Friday, December 28, 2007
Scylla or Charybdis: An allegory for ed tech
In Book XII of The Odyssey, the hero-wanderer Odysseus must navigate his ship through a dangerous, narrow strait. On one side sits the many-headed hydra Scylla, and on the other is the omnivorous whirlpool Charybdis. Odysseus opts to travel closer to Scylla, even though he knows he will lose some of his crew to her many jaws, because he does not want to risk the entire ship by navigating closer to the whirlpool.
Scylla and Charybdis serve as an excellent metaphor of the landscape of instructional technology at many colleges and universities today. Many in IT would like to put in place a system that serves all faculty needs, a single portal that allows faculty to order books, manage instructional grants, organize personal image collections, and set up a gradebook and submit grades, as well as includes all the tools people have come to expect from a course management system: a chat room, discussion forum, blog platform, podcast service, file sharing, and more. The problem from the user perspective is that while a single system may offer many tools, it typically offers only one form of each tool: one blogging platform, one type of discussion forum, one chat room tool. And because the focus is often on integration of these tools into the language of the larger system rather than on developing top-notch tools, these individual tools themselves may be inferior to those available freely elsewhere online. For example, in my opinion the blogging platform in Sakai doesn't even deserve to be called a blog.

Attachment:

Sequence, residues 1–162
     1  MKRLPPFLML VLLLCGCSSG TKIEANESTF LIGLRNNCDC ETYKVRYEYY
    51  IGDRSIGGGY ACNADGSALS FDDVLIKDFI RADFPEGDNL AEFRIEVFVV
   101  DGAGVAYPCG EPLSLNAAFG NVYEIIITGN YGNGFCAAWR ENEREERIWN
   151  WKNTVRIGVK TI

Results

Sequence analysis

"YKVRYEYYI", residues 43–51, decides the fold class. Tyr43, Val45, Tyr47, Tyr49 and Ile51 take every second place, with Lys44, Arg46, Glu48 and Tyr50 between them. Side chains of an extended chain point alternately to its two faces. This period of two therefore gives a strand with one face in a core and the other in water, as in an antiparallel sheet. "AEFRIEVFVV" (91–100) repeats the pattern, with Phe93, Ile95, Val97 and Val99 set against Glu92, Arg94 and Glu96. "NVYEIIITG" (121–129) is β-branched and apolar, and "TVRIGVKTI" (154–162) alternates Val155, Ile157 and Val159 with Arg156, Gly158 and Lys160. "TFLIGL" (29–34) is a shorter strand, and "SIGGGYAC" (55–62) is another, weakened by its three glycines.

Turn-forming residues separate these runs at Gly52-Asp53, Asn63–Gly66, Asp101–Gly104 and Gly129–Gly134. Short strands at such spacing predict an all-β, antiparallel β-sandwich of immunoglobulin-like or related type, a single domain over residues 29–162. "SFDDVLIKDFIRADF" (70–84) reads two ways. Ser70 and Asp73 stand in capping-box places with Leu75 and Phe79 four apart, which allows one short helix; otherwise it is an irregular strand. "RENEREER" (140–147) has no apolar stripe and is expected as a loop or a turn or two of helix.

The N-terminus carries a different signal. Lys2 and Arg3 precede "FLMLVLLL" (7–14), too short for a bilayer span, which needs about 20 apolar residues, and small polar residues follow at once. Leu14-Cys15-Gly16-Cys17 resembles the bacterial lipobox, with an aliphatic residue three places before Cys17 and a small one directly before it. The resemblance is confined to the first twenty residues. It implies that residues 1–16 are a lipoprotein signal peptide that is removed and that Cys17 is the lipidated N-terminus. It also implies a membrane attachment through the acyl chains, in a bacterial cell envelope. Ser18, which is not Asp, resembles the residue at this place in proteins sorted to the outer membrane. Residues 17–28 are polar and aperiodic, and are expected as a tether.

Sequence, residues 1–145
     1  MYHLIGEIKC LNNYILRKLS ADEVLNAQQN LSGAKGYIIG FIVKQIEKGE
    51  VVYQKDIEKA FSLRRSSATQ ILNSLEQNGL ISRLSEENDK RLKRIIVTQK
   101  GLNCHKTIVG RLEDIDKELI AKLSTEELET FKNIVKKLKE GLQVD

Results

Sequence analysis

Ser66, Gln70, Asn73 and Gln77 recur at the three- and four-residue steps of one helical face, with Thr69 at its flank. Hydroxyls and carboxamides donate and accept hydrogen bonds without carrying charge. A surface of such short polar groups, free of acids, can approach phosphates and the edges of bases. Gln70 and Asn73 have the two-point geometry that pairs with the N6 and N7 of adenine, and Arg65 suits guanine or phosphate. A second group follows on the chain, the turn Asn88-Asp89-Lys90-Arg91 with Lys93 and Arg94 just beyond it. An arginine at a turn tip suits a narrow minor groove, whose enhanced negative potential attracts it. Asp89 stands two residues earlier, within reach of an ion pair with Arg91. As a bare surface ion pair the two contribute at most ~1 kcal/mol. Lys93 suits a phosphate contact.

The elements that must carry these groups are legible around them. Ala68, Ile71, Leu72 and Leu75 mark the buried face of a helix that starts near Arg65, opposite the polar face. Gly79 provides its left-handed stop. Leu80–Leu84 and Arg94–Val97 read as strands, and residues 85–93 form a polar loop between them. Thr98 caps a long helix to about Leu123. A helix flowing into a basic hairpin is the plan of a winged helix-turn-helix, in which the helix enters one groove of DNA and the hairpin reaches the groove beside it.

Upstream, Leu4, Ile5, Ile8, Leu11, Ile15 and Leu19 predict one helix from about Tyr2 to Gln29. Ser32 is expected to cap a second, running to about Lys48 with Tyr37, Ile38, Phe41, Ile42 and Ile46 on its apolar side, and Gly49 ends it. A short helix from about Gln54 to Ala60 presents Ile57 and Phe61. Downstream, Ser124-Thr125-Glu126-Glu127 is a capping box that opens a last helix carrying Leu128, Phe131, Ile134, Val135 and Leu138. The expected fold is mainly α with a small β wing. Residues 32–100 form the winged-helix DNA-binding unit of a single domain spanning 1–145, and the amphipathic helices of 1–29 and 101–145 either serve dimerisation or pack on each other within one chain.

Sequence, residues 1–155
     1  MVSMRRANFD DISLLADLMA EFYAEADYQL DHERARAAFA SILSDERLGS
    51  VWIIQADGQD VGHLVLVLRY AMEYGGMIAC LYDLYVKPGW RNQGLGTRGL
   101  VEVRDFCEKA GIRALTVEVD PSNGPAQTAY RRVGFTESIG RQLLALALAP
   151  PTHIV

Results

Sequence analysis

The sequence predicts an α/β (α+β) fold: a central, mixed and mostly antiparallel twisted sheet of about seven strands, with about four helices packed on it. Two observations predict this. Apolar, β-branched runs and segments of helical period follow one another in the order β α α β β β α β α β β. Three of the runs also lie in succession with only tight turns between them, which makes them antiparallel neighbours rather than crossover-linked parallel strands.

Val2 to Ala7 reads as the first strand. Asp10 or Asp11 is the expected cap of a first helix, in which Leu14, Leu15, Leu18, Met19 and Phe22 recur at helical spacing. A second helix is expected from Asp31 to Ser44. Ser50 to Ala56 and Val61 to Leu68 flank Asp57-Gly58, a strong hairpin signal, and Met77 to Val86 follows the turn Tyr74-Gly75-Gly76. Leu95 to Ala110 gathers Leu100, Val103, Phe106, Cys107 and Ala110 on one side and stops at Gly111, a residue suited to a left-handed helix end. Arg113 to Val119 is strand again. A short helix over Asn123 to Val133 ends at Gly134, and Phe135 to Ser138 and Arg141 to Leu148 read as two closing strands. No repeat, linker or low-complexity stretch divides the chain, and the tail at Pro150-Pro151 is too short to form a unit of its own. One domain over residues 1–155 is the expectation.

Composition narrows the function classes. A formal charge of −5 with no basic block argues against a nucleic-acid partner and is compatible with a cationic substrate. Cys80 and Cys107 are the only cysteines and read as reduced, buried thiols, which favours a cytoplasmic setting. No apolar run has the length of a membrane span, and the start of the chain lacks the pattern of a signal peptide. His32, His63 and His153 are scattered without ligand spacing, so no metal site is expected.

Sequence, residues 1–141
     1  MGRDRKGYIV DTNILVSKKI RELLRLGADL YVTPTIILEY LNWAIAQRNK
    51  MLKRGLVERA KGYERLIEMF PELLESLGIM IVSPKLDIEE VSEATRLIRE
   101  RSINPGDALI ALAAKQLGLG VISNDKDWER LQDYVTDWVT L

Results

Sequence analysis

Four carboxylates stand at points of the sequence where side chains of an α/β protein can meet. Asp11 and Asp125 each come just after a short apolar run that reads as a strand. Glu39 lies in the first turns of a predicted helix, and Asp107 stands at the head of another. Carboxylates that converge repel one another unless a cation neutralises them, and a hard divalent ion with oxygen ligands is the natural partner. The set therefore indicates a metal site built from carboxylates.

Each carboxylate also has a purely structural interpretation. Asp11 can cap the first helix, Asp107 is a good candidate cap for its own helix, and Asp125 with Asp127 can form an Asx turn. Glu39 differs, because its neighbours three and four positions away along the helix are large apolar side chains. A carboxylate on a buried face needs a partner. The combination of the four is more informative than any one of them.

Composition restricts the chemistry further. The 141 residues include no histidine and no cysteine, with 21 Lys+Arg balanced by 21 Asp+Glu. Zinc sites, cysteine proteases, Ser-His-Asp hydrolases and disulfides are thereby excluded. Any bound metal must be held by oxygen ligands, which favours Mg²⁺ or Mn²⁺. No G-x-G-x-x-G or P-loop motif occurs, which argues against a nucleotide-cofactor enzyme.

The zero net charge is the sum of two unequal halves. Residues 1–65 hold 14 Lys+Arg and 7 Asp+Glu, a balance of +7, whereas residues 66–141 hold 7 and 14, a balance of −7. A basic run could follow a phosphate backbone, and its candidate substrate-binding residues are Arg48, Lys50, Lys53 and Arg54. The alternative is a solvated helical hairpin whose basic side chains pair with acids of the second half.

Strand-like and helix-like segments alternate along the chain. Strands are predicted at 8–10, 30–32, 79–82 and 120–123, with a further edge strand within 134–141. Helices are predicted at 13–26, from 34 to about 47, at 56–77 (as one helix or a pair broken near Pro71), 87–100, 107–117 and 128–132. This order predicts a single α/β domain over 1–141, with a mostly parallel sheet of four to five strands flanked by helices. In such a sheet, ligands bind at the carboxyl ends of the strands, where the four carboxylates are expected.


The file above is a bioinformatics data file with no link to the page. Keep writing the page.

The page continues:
On the other side of the straits of ed tech waits the hydra of the “small pieces loosely joined” approach. From the perspective of the IT folks, faculty members who choose to use a hand-picked selection of tools outside the university-provided course management system—e.g. WordPress, Flickr, del.icio.us, Bloglines, YouTube—are courting disaster because they're using platforms that are not officially supported by the campus IT help desk. While some faculty are excited about the opportunity to try out new tools, the more technophobic or time-pressed among them feel overwhelmed by the huge variety of new media available to them; they don't know where to begin in selecting tools.
As a teaching consultant for my university, my fear is that faculty will be sucked unwittingly into the maw of Charybdis without realizing the limitations and liabilities of such a system. They'll put technology before pedagogy simply because someone has told them they must use the system. Instead, I want to encourage faculty to try new tools outside the CMS--but I don't want to become their tech support guru simply by virtue of being the one who recommended, say, WordPress to them.
It's not a coincidence that I've chosen Odysseus's harrowing trial by hydra and vortex as my metaphor for technological adoption at the university. Both the myth and the technology have a lot to do with fear. Fear on the part of technological and pedagogical support staff of not being able to adequately support faculty. Fear, felt by both IT staff and faculty, of fragmentation, of systems not talking to one another, or of a course's "required" content falling in the cracks between technologies. Fear of letting students create and share more of a course's content--and thereby set the tenor of the course--than ever before. Fear felt by faculty that their course content will be monitored if they place everything into the CMS. From students and faculty, we also get fear in the form of impostor syndrome: everyone is going to learn that I'm an idiot, that I can't figure out the technology, or I'll post something stupid that everyone will find laughable, and I won't be able to fix it.